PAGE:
Symbolism and Iconography of the Hawk in the Main Panel of the Bayeux Tapestry

Symbolism and Iconography of the Hawk in the Main Panel of the Bayeux Tapestry

By Makra Péter

Published Online (2001)

Introduction: The main panel of the Bayeux Tapestry features a large predatory bird carried by human figures on several occasions. More precisely, this predatory bird can be found in plates [2], [5], [10], [15] and [17], where the plates (scenes) are numbered according to Stenton et al. Considering the fact that, apart from horses, very few animals are depicted in the main panel of the Tapestry, the repeated occurrence of this bird deserves closer attention. The aim of the present essay is to elaborate on the possible significance carried by the representation of this predatory bird from various points of view.

It seems rather obvious to think that the bird in question is either a falcon or a hawk, as these two birds are usually used in falconry and thus can naturally be depicted as sitting on someone’s fist. For further classification, I shall turn to W Brunsdon Yapp. Yapp observes that the wings of the bird in the Tapestry do not reach to the end of the tail, unlike those of a falcon. He also rules out the peregrine falcon, another species used by the wealthy for falconry, judging from the short tail and the absence of the moustachial stripe characteristic of that bird. Considering the fact that the wings stop near the base of the tail, Yapp arrives at the conclusion that the bird must be a hawk, so in the following I shall consistently refer to it as such.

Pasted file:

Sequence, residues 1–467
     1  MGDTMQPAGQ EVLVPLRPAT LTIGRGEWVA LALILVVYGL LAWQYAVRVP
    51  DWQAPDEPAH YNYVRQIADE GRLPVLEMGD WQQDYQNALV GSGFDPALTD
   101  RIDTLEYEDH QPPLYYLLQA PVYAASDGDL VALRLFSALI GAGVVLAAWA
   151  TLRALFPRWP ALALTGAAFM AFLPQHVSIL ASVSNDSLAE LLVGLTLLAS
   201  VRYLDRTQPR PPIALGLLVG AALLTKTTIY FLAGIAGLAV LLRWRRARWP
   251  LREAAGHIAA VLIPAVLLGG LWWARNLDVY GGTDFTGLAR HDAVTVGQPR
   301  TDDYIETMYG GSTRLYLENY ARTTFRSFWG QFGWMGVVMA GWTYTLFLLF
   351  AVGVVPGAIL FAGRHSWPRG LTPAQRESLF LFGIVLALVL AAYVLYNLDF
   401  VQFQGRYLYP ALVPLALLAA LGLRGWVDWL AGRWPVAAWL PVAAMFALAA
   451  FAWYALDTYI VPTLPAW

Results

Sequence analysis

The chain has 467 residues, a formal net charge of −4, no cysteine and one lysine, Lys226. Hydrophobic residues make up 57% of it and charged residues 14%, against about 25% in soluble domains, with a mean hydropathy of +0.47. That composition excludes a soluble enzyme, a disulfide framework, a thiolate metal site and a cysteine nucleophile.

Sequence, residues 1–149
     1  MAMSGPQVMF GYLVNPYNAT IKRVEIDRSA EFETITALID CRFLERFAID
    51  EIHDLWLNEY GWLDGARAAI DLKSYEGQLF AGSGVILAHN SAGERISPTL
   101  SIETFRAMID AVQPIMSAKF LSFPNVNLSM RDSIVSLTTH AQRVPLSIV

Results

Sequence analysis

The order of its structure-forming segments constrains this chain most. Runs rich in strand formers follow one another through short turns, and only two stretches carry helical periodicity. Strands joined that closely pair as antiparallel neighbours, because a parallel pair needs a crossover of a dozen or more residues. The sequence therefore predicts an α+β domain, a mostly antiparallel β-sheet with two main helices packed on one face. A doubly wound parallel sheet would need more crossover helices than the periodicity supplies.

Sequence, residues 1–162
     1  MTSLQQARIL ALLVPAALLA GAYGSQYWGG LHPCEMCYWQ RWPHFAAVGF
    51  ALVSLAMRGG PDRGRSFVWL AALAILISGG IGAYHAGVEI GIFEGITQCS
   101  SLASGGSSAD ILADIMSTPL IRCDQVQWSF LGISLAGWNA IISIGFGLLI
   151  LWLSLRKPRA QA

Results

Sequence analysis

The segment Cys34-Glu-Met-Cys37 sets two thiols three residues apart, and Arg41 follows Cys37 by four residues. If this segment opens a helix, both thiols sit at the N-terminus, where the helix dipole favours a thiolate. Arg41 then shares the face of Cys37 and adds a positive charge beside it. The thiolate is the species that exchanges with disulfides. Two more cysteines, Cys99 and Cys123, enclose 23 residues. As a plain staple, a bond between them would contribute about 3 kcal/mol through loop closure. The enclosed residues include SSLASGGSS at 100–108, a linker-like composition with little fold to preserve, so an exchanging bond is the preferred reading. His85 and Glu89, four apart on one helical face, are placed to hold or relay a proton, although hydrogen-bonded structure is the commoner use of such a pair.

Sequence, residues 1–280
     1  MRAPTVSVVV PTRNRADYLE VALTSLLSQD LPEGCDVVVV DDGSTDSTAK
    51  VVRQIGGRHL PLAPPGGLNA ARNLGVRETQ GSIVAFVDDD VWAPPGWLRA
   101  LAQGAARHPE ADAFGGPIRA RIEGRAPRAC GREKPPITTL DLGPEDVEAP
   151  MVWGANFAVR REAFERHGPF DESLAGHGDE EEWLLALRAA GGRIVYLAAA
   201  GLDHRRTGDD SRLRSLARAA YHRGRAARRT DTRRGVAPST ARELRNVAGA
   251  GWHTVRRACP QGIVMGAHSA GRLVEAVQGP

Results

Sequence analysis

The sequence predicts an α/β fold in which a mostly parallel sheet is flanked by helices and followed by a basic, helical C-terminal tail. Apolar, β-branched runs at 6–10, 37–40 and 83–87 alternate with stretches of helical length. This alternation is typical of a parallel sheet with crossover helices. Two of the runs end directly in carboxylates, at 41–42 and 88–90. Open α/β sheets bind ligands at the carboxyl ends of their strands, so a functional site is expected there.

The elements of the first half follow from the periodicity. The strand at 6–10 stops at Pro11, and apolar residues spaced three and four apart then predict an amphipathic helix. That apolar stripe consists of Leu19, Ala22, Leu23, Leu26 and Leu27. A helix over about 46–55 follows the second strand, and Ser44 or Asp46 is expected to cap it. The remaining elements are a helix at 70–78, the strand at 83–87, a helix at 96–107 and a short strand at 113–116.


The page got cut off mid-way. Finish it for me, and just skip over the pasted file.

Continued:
In many books there appeared a suggestion that in medieval falconry different species of birds were attributed to different ranks of society, for example, a peregrine falcon was the correct bird for an earl. Yapp refers to Schegel and van Wulverhorst, who argue that Harold’s being accompanied by such an ‘inferior bird’ as the hawk instead of the peregrine falcon that would suit his rank indicates the contempt that the Norman designer of the Tapestry felt for the English. Yapp rejects this notion, saying that this differentiation ‘has no basis in fact and is unknown before the fifteenth century.’

Click here to read this article from the Falconry Heritage Trust

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